I've been learning ANTLR, by writing my own (extremely simple!) programming language

It made me curious about how the lexer/parser/AST is implemented for java. Obviously there is a grammar for .java files and this gets parsed down to ByteCode, which is then validated to check that all is syntactically and sementically correct and then finally a .class file is written out, but I wondered what happens when you run

java -cp '.' Foo

I assume Foo.class has to be read in - but does this (the bytecode in the .class file) then have a grammar of it's own? or is the AST that is formed when the .java file was compiled just written to disk in binary form, and then just slurped into memory when the java.exe program runs

I was thinking that it probably does have an AST, as this is probably the essence of what a JIT compiler really is.

  • Generally speaking, the purpose of compiling to bytecode is that a bytecode format of simple opcode-argument tuples can be easily executed by computers without all that expensive lexing/parsing/AST nonsense that our human-readable languages require. But I'm not familiar enough with the JVM to give concrete examples, so leaving this as a comment.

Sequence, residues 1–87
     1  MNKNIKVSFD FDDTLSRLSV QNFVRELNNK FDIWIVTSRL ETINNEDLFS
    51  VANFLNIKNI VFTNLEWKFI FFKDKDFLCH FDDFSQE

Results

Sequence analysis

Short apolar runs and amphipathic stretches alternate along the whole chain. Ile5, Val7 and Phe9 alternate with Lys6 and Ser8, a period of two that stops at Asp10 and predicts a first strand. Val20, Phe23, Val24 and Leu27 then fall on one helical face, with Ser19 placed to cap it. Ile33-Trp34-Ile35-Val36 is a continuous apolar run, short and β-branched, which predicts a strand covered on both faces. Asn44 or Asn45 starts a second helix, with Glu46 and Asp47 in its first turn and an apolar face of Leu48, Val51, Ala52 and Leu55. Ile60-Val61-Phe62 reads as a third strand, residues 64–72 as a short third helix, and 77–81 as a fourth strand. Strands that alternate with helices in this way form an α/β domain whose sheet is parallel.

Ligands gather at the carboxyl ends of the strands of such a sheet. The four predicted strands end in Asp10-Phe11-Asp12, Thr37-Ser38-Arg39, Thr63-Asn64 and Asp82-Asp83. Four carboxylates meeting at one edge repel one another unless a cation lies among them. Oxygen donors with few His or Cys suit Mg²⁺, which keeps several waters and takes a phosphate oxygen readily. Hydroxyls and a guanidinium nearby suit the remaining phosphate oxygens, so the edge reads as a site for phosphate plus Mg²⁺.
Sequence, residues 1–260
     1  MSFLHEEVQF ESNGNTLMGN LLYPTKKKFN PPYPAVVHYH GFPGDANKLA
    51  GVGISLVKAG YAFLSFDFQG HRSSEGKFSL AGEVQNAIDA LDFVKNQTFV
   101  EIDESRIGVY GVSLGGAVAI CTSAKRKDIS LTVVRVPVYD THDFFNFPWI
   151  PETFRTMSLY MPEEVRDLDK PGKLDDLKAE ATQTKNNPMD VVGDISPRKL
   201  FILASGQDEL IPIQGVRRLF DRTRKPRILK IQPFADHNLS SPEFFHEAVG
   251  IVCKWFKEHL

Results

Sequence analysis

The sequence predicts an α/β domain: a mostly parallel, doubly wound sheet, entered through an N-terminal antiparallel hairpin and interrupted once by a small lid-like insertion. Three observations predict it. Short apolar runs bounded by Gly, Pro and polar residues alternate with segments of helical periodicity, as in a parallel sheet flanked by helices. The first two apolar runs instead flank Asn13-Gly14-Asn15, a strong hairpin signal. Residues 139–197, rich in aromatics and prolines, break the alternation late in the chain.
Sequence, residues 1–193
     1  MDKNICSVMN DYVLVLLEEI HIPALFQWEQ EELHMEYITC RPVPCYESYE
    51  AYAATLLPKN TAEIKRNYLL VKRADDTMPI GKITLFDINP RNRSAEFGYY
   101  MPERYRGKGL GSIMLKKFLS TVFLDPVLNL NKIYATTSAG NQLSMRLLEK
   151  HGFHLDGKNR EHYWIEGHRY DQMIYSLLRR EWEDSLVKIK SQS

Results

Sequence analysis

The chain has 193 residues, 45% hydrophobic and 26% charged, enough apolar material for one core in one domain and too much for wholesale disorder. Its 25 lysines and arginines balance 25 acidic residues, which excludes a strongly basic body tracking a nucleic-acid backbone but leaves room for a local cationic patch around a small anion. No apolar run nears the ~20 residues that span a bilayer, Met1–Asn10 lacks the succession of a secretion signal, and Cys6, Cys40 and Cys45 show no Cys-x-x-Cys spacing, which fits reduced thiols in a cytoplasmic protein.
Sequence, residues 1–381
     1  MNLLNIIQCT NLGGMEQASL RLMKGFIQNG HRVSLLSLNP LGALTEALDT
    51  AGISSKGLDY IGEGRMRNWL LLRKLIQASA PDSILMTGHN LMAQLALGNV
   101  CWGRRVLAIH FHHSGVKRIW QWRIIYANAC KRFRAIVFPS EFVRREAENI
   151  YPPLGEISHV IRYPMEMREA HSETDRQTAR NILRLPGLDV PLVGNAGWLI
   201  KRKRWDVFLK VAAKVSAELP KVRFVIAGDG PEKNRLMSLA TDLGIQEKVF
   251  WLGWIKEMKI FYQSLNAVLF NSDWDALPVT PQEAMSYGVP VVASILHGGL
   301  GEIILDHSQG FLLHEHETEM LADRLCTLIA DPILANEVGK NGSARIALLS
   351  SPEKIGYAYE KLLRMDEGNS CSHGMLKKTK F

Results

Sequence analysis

– Ixrec
    Jun 6, 2015 at 12:37
  • 3
    Yes. You are looking for chapter 4 of the Java Virtual Machine Specification: The class File Format.
    – user40980
    Jun 6, 2015 at 12:37

1 Answer 1


Technically speaking, there is a parser, but practically speaking, the parser is so trivial, that you typically don't call it a "parser". After all, the JVM bytecode format is specifically designed for being fast and easy to read by a machine and not at all to be readable by humans.

It's basically some fixed-size fields of fixed types and some variable-length arrays of fixed types whose length is provided in a fixed-size field of a fixed type at a fixed location.

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